When prompted on why content blocks disrupt our education, Tahoma junior Florence Viado replied: “If the adults want us to take on responsibilities and act like adults, then they should treat us like them.” Each student can handle the internet differently, and high school is where we are educated on how to use the internet appropriately.
Furthermore, one broad content blocking system will not be effective or helpful for every student. Tahoma sophomore Ethan Farro shared, “I am slowed down by internet filtering, and a lot of resources and songs are unnecessarily blocked because the criteria is way too broad. It seems like the filters are designed to punish everyone.”
We asked Ron Johnson, Tahoma drama teacher, about how internet filtering might help or hinder students. Mr. Johnson said, “I honestly don’t have an answer for that because every student is different.” Mr. Johnson added that in some conditions, students might be struggling and need something like music to cope. Unfortunately, for those struggling students, their coping mechanism might have been blocked.
Most blocked websites and keywords are justifiable. Summit tech team member Vincent Wang commented on the urgency of blocking a distraction: “If it gets to the point where it’s spreading and disrupting schoolwork …, we will block it without hesitation,” Mr. Wang said. Conversely, some websites are blocked without having disrupted the learning process.
In an online survey sent out to all Tahoma students, many brought up unnecessarily blocked websites and keywords that have already or might become a hindrance to the learning process. Some responses included “various sites provided on the PLP,” “programming based sites,” and “psychology sites.” Tahoma junior Keith Ng stated, “Comedy is blocked on YouTube. Most talk show hosts are listed under ‘comedy’ [and] discuss very real topics that we should be aware of.”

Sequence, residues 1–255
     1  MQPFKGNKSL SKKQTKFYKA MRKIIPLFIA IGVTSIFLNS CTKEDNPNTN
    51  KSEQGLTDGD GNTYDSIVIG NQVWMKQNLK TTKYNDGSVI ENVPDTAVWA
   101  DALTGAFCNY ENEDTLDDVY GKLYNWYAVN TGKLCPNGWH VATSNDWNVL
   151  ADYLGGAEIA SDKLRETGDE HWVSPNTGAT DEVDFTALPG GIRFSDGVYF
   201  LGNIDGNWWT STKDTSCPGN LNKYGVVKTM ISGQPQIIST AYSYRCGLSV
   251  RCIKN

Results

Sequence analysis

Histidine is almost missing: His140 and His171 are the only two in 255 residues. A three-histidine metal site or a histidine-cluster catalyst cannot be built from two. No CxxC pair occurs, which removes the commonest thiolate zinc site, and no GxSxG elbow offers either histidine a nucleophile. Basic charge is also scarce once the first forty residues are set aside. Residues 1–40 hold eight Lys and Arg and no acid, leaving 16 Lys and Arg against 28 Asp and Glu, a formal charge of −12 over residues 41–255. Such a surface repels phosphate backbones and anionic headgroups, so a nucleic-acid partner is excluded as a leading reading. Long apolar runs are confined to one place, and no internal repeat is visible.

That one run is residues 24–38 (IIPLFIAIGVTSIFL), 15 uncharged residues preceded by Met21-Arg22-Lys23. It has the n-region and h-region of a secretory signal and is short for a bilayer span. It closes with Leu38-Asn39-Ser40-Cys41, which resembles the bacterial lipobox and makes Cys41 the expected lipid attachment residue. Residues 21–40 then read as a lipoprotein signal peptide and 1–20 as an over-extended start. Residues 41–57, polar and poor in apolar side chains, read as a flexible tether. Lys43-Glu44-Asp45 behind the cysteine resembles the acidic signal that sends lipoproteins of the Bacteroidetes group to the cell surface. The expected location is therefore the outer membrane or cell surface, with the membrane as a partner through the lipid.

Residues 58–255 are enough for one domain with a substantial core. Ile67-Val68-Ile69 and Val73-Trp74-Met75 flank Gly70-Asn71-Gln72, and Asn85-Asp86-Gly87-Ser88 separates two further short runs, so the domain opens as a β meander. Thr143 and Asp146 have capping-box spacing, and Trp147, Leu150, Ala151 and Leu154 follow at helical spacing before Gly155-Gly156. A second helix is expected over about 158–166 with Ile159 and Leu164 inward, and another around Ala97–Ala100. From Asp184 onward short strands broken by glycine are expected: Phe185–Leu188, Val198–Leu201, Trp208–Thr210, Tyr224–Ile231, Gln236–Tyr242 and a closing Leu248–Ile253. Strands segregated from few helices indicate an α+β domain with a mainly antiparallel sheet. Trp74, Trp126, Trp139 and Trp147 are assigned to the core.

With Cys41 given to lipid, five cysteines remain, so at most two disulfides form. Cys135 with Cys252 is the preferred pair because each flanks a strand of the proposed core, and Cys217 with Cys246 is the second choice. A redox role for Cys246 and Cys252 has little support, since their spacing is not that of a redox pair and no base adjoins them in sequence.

Teachers and principals of public schools must be wary of the difference between blocking distracting material and censoring when filtering content. As a legal consultant with the Student Press Law Center, Mr. Hiestand emphasized that blocked websites may not be blocked due to the content or opinions provided on a site unless that material is a threat to the students. “The First Amendment restricts censorship by government officials,” Mr. Hiestand said.
Students have the right to freedom of speech and are given the ability to advocate for themselves. We wanted to know the students’ opinions, so we sent out a survey to all 335 Summit Tahoma students. 117 students replied, and 70 percent of students who answered our survey described their experience with internet filtering at Tahoma as negative.